Disclaimer: The information on this page was correct as of June 16, 2021.
Changing the account holder for your gas and electricity can often be a tricky task. Because it’s not something that happens often, there’s not a lot of information on it out there so we’re here to make it easier for you. As always, we’ve got you covered!
- Why you might change the account holder
- Having more than one account holder
- How to add and remove account holders
- How to change the account holder’s name
- How to change the account holder
- What to do if the account holder has died
- Changing the account holder when you move house
Why you might want to change the account holder
There are a number of reasons you might want to change, add, or remove account holders. This could include:
- Someone is moving in/out – If someone else is moving in with you, you might want to add them to your energy account and have both your names on your bills. This makes it easier if someone then moves out again as you can simply remove the other person rather than have to change everything completely.
- Your financial circumstances have changed – If the current account holder isn’t earning as much or their partner is taking over bill paying, you might want to change the account holder to the new payer. It makes a lot of sense to have the payer’s name on the account if they’re responsible for it.
- You’re joint homeowners – If the property is under both your names, you might want both names on your bills as well. It might have to be changed if you’ve taken the property over from someone else.
- You live in shared accommodation – If you split your bills, you’ll probably want everyone’s names on the account to share the bill-paying responsibility. Alternatively, you might just want to change the name or bank details of the person who will be paying.
- You’re a landlord with new tenants – When the old tenants have moved out and you have new ones moving in, you’ll want to change the account holders to the new tenants. This might be your responsibility or it might be theirs.
- The account holder is in a vulnerable situation – If the account holder becomes ill or in a vulnerable position and needs someone else to take over the account or bill paying (likely the power of attorney), you might want to change the account to someone else’s name to make sure bills are paid and everything is done correctly.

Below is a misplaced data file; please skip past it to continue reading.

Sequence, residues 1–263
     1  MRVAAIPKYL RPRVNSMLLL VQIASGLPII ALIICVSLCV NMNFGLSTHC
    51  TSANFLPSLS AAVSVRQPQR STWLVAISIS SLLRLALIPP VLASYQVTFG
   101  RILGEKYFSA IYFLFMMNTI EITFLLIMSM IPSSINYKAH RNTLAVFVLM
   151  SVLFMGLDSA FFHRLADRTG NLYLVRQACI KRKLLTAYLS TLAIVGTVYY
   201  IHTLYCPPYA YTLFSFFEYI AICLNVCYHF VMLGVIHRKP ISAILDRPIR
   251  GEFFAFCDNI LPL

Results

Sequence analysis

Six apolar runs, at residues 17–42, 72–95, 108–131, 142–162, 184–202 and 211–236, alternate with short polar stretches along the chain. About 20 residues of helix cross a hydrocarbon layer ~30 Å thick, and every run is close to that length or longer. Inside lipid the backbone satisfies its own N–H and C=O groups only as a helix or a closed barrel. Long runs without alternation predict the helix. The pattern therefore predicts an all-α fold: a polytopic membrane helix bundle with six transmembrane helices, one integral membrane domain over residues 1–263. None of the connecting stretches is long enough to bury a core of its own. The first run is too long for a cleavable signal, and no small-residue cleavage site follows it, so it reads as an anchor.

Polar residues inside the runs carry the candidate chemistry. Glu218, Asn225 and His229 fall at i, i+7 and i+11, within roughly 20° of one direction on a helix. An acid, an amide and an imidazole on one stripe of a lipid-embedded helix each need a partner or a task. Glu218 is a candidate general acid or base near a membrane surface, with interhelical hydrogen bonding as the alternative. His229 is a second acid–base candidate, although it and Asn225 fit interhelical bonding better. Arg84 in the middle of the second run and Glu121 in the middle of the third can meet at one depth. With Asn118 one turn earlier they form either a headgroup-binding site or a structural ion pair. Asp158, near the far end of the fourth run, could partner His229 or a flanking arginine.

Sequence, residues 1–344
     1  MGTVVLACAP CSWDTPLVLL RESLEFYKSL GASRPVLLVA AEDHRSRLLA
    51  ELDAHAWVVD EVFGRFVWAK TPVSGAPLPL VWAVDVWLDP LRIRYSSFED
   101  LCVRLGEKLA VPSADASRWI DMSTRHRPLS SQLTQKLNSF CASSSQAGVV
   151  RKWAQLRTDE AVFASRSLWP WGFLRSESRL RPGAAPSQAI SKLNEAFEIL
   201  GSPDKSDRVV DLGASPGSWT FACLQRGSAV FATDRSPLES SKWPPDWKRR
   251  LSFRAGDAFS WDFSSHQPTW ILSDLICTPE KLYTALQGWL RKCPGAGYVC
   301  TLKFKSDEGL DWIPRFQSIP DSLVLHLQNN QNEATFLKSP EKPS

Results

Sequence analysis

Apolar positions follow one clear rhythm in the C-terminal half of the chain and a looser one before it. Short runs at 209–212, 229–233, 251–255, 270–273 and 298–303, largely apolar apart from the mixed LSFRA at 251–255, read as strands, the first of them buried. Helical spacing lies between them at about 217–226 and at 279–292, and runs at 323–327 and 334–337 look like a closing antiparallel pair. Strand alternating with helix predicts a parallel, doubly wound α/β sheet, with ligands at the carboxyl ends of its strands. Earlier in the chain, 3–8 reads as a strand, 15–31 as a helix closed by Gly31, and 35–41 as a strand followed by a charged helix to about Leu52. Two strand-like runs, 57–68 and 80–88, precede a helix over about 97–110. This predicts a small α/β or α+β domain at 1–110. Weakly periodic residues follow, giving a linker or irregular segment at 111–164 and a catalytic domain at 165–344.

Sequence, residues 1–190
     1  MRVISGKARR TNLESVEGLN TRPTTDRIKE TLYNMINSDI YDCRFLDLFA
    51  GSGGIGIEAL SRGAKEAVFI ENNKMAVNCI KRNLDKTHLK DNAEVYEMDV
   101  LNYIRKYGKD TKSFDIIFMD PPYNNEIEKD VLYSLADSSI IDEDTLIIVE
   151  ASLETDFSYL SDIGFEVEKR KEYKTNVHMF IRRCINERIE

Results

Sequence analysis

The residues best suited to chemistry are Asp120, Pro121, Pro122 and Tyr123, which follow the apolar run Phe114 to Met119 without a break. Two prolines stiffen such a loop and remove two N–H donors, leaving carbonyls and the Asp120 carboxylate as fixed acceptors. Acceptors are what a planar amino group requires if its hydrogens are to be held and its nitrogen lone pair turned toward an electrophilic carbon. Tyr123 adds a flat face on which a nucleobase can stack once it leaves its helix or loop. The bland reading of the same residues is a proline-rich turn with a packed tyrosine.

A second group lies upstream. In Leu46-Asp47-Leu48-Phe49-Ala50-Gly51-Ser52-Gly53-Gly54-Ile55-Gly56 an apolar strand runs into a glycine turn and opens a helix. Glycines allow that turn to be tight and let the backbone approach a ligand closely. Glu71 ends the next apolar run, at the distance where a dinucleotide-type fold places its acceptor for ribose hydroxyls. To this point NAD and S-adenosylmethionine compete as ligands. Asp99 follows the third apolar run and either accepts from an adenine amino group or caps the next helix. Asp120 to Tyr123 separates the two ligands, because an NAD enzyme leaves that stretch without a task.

- The account holder has died – If you have to take over their home, you’ll have to change all the account details to whoever owns it now. It can be especially distressing if the deceased is still receiving bills and letters.
Can there be more than one account holder?
Yes, you can have more than one person as the account holder.
Having more than one account holder might be useful if there’s more than one person who owns/rents the house. This means that you’re both responsible for paying the bills and any debts that arise rather than just one person.
Alternatively, you can add someone else to your account to act for you. This person won’t be responsible for paying your bills or debts but can talk to your provider on your behalf.
How to add an account holder
If you want to add an extra account holder, you can usually do this by calling your energy provider. You’ll have to call when you’re together as your provider will want to talk to both of you about the change to make sure you’re both happy being on the account.
Alternatively, you could write a letter outlining that you want an extra account holder and whether you want them to be responsible for bills or just act on your behalf. Both of you should sign this and send it to your provider either through the post or by scanning it into an email.
How to remove an account holder
Removing an account holder might be a bit trickier than adding someone depending on the reason they’re being removed.